Mom lived a creatively vibrant life of the mind, so Alzheimer's was a horrifically ironic way for her to die. She stubbornly refused to go easily and let us off the hook; in death as in life, she compelled the best from us, not because she bullied us but because she was so completely, tirelessly, respectfully present in all our lives. That kind of love is magnetic; it attracts great things from the universe and draws out the noblest qualities in the people who orbit nearby.
The amiable steadfastness with which my father fed and cared for Mom was an echo of the preceding decades, during which she set before him thousands of dinner plates, countless cups of coffee, carefully balanced checkbooks, sleepy babies and lively conversations, high standards and low tones, brutal honesty and forgiving rationalizations. My sisters and I hovered around her during the last three days of her life, singing four-part harmony, checking her pulse and blood oxygen, loving each other and letting our differences slide, because each of us is, in her own unique way, our mother's daughter.
My parents raised six children: a tight quartet of girls bookended by an older and a younger brother. Mom was a savant play-anything-by-ear musician, a freelance journalist, newspaper librarian and editor, meticulous research hound, and lightning fast typist. She could pilot a small aircraft, develop photos in her basement darkroom, and make a decent supper out of the unlikeliest trove of leftovers, pantry staples, and clearance items from the dented can cart. She was a busy woman, but she had her priorities straight. What was most important was not always most immediate. She made us know the difference.
Starting the year I turned 16, I sent my mom flowers every year on my birthday in January. Not on her birthday - on mine. Because on her birthday, I was just another face in the well-wishing crowd of people who loved and admired her. Even on Mother's Day, I was #5 of six, which is a long line to stand in when you want the attention of a woman as multi-talented and driven to achieve as my mother was. On my birthday, the day I was born, she belonged to me. I know what I was to her in that moment, because I've held my own babies and felt the rest of the world momentarily fall away. The fact that my mother kept that moment alive for me - and for each of my siblings - until her brain literally shriveled like a raisin is a testament to the kind of mother she was. She didn't make us feel precious. We were precious. That was our reality, not a feeling we had.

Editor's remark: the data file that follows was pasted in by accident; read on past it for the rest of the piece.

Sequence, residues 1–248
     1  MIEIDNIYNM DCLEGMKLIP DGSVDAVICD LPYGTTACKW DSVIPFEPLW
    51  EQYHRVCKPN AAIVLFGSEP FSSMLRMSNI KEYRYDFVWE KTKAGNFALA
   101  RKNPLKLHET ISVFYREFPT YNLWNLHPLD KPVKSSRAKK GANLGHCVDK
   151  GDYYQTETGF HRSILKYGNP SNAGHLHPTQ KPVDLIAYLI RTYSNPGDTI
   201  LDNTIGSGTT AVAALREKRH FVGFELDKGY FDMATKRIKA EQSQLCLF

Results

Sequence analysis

On my 16th birthday, I was working as a cashier at a local grocery store, and Mom was at school, hacking away at the bachelor's degree she carved out by inches and in betweens over more than a decade. I left the flowers on the kitchen table with a note so she would see them right away when she got home from class. We were miles apart (geographically and ideologically) for most of my birthdays after that, but she always sent me a present and a card with a lucky penny in it, and I always had flowers delivered to the house and eventually to her office at the Helena Independent Record. I always knew that at some point during the day, I'd answer the phone, and Mom and Dad would sing "Happy Birthday to You" in the robust harmony that soundtracked my upbringing, and I would know I was as unconditionally loved and celebrated as any mother's child could hope to be.
Mom's decline was agonizingly dragged out, but the trajectory was plain; I knew in January that this was the last year I'd give her birthday flowers. She was no longer mobile or verbal. Her universe had collapsed to the confines of the living room, where Dad lifted her between a red leather recliner and a railed hospital bed. We took turns holding the cup and straw while she vacantly sipped at cranberry juice and Ensure. I stayed most of the winter in the spare apartment on the lower level of my parents' home in Helena, sitting beside Mom every morning and evening, playing ukelele and singing songs from my childhood, Googling the words on cowboylyrics.com, watching and waiting for the occasional spark of connection in her eyes.
One day, spelunking the downstairs storage cupboards, searching for a waffle iron among the old popcorn tins, punch bowls, and Tupperware, I discovered a cache of cheap glass vases, brittle baskets, and oversized coffee mugs in which my birthday flowers had been delivered over the years. Apparently, a particular budget-conscious favorite was the FTD Sunshine Bouquet, which came in a squat white mug with a rainbow on it. There were several of those. She'd kept them like you'd keep your child's artwork. Not because it has some great decorative or archival value, but because you can't bear to let go of the moment.
In the evening on my birthday, I brought my mother roses - soft orange, vibrant yellow - and I told her, "Thank you for being my mom. I know it was a tremendous amount of work, and I didn't make it easy. You did all the important things right. And you got the less important things just wrong enough for me to believe I could do it too."
We weren't sure how much or how well she was able to see, so I carefully removed the thorns and spread the roses across her lap, and we sat together for a long while, running our hands over the petals, pulling them apart, setting them in rows.
How silly, I suddenly realized, to always stage flowers out of reach. There is nothing you can do to make them last forever, and there is such great tactile pleasure in the textured lightness and deckled edges. Look at a rose, and you recognize that it is lovely. But hold it in your hand as its life comes full circle, and you know how precious it really is.